Negotiation skills trainer teaches the 'principled approach'
As all successful businesspeople know, sealing or sinking a deal often comes down to the shrewdness of one's negotiating abilities. For trainer Vladimír Nálevka, all of life is a negotiation, and everyone from diplomats at a roundtable to spouses at their kitchen table can get more of what they want with a better understanding of what negotiation really means.
"In a negotiation situation, you have two or more people who need each other," says Nálevka, a consultant with training provider Interquality. "You have to figure out what your negotiation currency is. What do you have that the other side wants?"
Nálevka says students of negotiation often wrongly believe the other side has more power, but in fact, if they are even sitting down at the table with you, it means you have something they want.
Having taught the fine points of negotiation at international companies as well as to Czech diplomats and government employees, Nálevka says there are a few other common misperceptions.
For example, when faced with a negotiation situation, people expend too much energy trying to prove to the other side they are right and their reasons are better, putting too much emphasis on arguments and neglecting the solutions.
"This usually just takes up time and makes the discussions prolonged and boring," he says.
Instead, Nálevka teaches his students a framework of five negotiating stages - preparation, discussion, proposal, bargaining and follow-up - and encourages them to move as quickly as possible to the proposal phase, where they create models of possible solutions.
Many novice negotiators also struggle with the preparation phase, because in addition to identifying their negotiating currency, this is the stage to find their BATNA (best alternative to a negotiated agreement), or their plan B in case negotiating doesn't work. Nálevka says people don't like to think about failure, and some would rather skip this step, convinced they will manage some kind of result through the negotiations, but often the strength of someone's position in the negotiation hinges on knowing he or she has a back-up plan.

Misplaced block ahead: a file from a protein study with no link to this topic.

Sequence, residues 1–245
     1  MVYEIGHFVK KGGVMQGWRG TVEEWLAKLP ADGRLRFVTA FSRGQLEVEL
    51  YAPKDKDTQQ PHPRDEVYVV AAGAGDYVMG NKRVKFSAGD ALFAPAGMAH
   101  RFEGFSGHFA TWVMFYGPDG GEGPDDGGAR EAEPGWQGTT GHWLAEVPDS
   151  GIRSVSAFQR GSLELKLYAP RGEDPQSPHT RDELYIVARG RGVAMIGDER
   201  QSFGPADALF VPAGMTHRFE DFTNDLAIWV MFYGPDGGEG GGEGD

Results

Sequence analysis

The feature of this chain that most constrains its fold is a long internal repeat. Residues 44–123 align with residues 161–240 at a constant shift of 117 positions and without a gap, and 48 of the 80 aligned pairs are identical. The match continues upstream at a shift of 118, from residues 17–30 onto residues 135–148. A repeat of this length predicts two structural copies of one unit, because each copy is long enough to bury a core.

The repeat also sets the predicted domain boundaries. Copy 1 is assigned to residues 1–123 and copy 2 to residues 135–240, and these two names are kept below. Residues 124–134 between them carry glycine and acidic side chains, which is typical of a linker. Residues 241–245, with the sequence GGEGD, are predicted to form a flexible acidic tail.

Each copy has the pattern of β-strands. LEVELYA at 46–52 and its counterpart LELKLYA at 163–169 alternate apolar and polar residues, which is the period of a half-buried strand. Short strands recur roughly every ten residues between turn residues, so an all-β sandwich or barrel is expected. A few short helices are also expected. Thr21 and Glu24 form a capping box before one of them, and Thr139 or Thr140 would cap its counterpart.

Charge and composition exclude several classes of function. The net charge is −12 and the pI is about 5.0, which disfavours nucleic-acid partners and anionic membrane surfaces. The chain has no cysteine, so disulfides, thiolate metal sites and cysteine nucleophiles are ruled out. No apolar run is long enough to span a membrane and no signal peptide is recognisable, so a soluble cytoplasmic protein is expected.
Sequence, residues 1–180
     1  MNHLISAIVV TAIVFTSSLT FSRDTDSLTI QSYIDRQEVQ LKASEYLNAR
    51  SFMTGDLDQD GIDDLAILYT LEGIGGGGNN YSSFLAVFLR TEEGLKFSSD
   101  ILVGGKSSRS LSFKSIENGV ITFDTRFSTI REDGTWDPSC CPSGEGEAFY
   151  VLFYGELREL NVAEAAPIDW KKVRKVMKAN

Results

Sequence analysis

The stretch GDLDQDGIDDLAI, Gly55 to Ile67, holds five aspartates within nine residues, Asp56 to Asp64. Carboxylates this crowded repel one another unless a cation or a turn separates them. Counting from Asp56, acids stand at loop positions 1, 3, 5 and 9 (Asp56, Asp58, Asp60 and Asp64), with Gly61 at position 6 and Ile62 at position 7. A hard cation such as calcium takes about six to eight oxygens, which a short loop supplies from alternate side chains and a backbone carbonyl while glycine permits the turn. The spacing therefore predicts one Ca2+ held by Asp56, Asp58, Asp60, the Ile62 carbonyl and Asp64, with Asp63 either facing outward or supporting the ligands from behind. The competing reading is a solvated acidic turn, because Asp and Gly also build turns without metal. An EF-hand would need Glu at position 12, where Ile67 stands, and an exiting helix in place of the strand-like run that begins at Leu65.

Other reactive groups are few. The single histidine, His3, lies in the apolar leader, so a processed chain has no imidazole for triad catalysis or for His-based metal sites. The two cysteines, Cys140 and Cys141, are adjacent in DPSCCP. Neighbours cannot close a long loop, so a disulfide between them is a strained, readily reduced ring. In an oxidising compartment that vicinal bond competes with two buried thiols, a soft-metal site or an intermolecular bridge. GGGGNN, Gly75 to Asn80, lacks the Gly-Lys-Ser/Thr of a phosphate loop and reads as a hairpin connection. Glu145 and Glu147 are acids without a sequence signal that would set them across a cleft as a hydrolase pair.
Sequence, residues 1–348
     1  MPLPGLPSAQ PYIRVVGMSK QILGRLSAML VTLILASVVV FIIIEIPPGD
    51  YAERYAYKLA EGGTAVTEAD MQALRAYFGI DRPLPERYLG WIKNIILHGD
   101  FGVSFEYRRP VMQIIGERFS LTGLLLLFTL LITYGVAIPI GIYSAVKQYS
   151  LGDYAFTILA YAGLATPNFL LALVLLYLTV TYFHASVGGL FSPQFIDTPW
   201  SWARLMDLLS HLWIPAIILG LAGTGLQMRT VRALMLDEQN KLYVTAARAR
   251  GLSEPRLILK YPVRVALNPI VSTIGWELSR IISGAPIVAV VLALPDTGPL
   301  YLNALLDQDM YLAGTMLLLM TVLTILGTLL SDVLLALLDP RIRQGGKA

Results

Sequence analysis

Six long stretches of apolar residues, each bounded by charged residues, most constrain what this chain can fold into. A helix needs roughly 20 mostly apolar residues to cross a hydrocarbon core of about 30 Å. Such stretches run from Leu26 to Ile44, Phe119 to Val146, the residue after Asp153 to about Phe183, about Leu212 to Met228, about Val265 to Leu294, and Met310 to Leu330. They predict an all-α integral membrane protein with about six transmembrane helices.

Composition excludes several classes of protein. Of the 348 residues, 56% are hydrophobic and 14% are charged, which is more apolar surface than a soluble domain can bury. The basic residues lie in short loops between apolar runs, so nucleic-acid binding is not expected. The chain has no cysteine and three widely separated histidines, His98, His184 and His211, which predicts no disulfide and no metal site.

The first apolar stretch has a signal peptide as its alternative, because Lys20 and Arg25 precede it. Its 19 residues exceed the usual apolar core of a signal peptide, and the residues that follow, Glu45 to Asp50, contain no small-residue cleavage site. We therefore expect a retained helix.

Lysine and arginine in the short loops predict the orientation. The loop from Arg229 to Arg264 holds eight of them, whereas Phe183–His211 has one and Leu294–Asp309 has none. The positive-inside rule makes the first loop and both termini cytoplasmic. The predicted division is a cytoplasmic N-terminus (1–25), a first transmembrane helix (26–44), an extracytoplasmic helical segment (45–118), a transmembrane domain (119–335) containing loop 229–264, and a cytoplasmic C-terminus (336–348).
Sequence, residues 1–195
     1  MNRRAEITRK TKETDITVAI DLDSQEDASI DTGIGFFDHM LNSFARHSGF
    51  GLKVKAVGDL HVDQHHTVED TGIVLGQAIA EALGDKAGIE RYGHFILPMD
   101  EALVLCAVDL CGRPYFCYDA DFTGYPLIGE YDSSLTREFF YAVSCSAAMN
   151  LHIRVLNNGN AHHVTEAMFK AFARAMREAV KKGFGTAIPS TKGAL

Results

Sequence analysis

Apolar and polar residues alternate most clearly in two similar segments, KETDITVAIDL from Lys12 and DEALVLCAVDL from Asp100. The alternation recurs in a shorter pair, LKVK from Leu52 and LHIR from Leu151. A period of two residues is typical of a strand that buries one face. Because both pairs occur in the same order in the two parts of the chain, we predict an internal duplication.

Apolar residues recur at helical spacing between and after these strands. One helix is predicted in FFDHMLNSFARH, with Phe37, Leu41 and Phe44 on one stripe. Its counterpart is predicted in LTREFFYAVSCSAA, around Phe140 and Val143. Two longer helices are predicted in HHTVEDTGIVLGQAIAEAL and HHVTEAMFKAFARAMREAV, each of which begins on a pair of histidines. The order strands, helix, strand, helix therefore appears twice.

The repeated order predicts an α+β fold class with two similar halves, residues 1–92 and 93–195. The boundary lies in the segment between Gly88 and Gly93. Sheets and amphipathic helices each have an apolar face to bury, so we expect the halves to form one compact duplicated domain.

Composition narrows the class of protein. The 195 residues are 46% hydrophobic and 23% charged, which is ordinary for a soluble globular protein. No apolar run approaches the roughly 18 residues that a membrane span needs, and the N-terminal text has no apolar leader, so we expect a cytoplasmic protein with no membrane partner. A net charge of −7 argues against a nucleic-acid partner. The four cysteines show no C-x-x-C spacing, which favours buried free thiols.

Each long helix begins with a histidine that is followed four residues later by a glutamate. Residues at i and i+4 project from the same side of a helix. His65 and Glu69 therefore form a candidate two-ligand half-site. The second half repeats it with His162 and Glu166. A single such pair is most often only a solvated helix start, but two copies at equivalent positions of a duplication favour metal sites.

"You have to keep in mind the reason you're negotiating: to get something better than the best you can get without negotiating," Nálevka says.
So once you're prepared and know what you want, how hard should you push for it? Different circumstances require different tactics. Nálevka says if you're in a one-time-only negotiating situation - for example, with a used-car dealer - it's OK to use hard bargaining techniques. If, however, the relationship of the people involved is important - for example, with family members or co-workers - it's better to use what's called a principled negotiation approach, the goal of which is a win-win outcome.
"Even with principled negotiation, the bargaining stage is always a bit of a tug of war, but that's OK," he says. "I believe most situations require principled negotiation."
Despite training students to execute well-prepared negotiations through role play - and lots of practice - Nálevka says it's also important to keep the matter in context so as not to lose your cool. He says when you start to get emotional about the situation, it's best to take a break and ask yourself if you'll even remember the discussion in a year's time.
"It's like in gangster films," he says. "It's just business, not your whole life."